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David in FL

An open letter of thanks.....!

15 posts in this topic

I was fortunate enough to play at the Ritz Carlton Grande Lakes Resort yesterday.  The same course on which they just played the Father/Son Challenge.  A little wet from an overnight rain, so it was cart path only.  I HATE cart path only.  It slows everything down and makes you drag half your bag from the cart to your ball for just about every shot.  Half my bag also includes my rangefinder....

Well, somewhere between 13 and 16 I lost the rangefinder.  Not sure if it bounced out of the cart, or if I was just an idiot and somehow left it out on the course after using it for an approach shot.  Given my track record, I'd guess the latter.  Once I discovered it missing, I quickly back-tracked, but none of the golfers immediately behind us had seen it and I couldn't find it laying on the ground.  After the round I left my name and info at the pro shop, but wasn't really holding my breath.  This afternoon the course called and a golfer found it this morning and turned it in at the pro shop.  Very cool, and maybe it's just my own cynicism, but quite unexpected.

Unfortunately, I won't be able to personally thank the person who found and returned my rangefinder, so I'll do the next best thing and thank every honest golfer on this site.....you know who you are, so thank you!!!

:beer:

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You are welcome..

I let my friend borrow my clubs because he was just starting out and I was going on vacation where I couldn't really bring my clubs.. Long story short I came back and we played the next day and I was like hey where is my 56?  He had no idea.. we went into the pro-shop and it was just sitting there basically waiting.  Thanked the guy and told my friend that I won't be lending him my clubs anymore!  :)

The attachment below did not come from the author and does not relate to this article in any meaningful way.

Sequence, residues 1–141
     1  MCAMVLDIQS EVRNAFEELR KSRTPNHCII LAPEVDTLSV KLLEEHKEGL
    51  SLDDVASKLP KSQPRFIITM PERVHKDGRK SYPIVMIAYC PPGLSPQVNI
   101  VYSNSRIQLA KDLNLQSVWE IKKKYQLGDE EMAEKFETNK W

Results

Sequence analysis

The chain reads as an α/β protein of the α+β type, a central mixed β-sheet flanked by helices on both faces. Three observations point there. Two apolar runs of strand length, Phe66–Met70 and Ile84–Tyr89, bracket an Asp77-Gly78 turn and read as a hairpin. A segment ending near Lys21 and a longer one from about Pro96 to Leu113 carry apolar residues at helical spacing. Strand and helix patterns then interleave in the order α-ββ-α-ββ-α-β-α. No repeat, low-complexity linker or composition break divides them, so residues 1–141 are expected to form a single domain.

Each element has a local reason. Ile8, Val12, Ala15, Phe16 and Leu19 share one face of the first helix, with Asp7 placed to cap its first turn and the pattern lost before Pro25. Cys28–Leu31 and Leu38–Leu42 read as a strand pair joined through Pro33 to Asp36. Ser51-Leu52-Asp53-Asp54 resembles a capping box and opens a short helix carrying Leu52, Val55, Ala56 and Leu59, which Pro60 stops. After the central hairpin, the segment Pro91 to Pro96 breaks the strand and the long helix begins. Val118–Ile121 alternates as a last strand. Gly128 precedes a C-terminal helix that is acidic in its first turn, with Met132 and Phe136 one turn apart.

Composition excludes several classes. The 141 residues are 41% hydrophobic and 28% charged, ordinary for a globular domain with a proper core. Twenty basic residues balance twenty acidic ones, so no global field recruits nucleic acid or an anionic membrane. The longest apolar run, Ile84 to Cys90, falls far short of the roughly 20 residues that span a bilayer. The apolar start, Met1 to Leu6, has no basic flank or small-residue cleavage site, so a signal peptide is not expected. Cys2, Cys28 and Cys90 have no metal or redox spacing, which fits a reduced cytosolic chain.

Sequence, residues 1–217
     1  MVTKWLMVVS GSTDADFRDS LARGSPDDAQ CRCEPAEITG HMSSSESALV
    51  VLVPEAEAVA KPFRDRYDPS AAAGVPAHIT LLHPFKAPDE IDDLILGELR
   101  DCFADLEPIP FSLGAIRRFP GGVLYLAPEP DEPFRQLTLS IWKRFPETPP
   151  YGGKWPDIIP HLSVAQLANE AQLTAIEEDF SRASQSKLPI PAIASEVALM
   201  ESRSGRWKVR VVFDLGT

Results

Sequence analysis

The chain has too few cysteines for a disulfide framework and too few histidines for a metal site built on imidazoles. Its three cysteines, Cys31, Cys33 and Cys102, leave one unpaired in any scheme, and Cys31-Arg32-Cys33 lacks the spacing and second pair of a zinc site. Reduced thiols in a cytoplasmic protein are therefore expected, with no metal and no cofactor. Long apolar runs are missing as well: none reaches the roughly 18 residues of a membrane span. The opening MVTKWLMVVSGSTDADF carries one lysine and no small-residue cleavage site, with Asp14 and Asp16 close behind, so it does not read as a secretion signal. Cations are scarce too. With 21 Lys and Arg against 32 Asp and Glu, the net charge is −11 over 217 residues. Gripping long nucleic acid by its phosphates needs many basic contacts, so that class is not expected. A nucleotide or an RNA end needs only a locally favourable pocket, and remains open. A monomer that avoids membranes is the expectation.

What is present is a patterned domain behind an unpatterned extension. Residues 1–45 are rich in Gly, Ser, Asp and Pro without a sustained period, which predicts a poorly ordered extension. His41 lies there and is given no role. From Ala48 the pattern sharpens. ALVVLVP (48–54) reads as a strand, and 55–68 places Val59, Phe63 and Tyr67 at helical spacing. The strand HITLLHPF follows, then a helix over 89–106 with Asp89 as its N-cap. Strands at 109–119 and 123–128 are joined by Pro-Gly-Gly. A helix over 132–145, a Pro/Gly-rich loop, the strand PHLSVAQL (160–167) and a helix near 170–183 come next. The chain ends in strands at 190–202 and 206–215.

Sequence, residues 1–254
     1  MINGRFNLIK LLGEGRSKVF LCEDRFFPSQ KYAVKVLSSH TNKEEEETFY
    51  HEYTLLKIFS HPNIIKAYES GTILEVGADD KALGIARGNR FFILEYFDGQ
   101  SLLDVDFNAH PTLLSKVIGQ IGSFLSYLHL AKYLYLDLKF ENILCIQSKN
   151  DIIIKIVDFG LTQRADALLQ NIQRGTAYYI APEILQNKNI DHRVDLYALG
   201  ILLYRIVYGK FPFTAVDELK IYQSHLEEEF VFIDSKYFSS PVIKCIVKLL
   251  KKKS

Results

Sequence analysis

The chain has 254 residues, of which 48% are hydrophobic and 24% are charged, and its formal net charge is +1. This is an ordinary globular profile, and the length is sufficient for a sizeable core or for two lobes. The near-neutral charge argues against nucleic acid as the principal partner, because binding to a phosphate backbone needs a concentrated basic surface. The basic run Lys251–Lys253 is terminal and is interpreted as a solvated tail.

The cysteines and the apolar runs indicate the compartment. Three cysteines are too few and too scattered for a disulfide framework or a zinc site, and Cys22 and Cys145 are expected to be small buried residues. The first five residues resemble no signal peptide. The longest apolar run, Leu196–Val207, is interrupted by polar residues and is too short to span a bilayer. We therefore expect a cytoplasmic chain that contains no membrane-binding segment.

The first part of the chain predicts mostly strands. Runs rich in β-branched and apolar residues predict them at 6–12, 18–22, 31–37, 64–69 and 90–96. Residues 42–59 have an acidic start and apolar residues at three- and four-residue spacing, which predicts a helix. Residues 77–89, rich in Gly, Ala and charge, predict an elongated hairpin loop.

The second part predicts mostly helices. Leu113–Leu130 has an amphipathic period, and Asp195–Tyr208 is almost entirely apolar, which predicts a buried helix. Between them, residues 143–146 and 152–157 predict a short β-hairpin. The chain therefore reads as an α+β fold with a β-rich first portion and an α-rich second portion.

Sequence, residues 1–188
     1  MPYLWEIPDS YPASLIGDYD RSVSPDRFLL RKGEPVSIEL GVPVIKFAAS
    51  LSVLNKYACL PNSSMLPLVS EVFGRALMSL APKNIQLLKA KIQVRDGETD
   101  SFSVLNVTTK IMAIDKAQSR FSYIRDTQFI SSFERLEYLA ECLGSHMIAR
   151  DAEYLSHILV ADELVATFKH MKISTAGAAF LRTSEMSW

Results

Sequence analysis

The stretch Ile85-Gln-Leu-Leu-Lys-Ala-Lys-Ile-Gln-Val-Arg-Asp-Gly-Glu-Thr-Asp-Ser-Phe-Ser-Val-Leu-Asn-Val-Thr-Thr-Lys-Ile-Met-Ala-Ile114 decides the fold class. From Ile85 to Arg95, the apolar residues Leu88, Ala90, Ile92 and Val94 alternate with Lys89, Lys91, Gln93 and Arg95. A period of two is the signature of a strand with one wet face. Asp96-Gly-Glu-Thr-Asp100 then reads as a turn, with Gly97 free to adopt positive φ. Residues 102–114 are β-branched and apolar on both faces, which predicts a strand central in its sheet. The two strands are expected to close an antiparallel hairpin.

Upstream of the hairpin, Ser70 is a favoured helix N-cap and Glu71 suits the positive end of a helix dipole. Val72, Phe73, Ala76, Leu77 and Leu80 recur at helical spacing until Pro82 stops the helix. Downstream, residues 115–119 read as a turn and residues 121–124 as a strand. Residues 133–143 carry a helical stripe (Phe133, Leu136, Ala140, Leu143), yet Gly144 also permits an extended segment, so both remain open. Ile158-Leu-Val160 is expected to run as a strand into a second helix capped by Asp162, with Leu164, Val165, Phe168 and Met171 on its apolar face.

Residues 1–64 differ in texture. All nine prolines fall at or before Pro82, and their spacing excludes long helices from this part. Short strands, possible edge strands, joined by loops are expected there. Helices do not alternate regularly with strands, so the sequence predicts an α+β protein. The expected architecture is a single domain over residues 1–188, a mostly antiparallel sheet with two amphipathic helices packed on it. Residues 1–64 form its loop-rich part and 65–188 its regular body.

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You're very lucky David, I lost a 7 iron for nearly a month and then one day I looked over at an adjoining fairway and noticed one of the employees of the course with a club in his hand that looked very similar, he was out playing during his time off. The reason it was easy to see was because it was a Wilson staff blade that was shiny as hell compared to other clubs with a graphite shaft which made it even more unique. I drove over and pulled out one of my other irons and proceeded to ask him "You work here right?" he said yeah "Well about a month ago I was out here and lost my 7 iron that looks just like this club here in my hand" as I said this  I was looking right at his bag with my 7 iron sticking out like a sore thumb with the potluck of other clubs, he then knew he had to hand it over or else his job was gone or the club in my hand was going to be used unconventionally upon him so I got it back without another word other than "thanks". Really bothered me though an employee would not turn in a club.

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I'm glad you got it back David. I wasn't so lucky when my wife and son accidentally left mine in the cart they were sharing.

As soon as we got home and I asked them for my GPS they said it was still hanging in the holder in the cart. I called the course and they said they had already sent that cart back out.

I told them to call me if somebody turned it in, and we went back first thing the next morning but they said nobody turned it in, and acted very nonchalant about it. I wasn't impressed with their effort to get it back.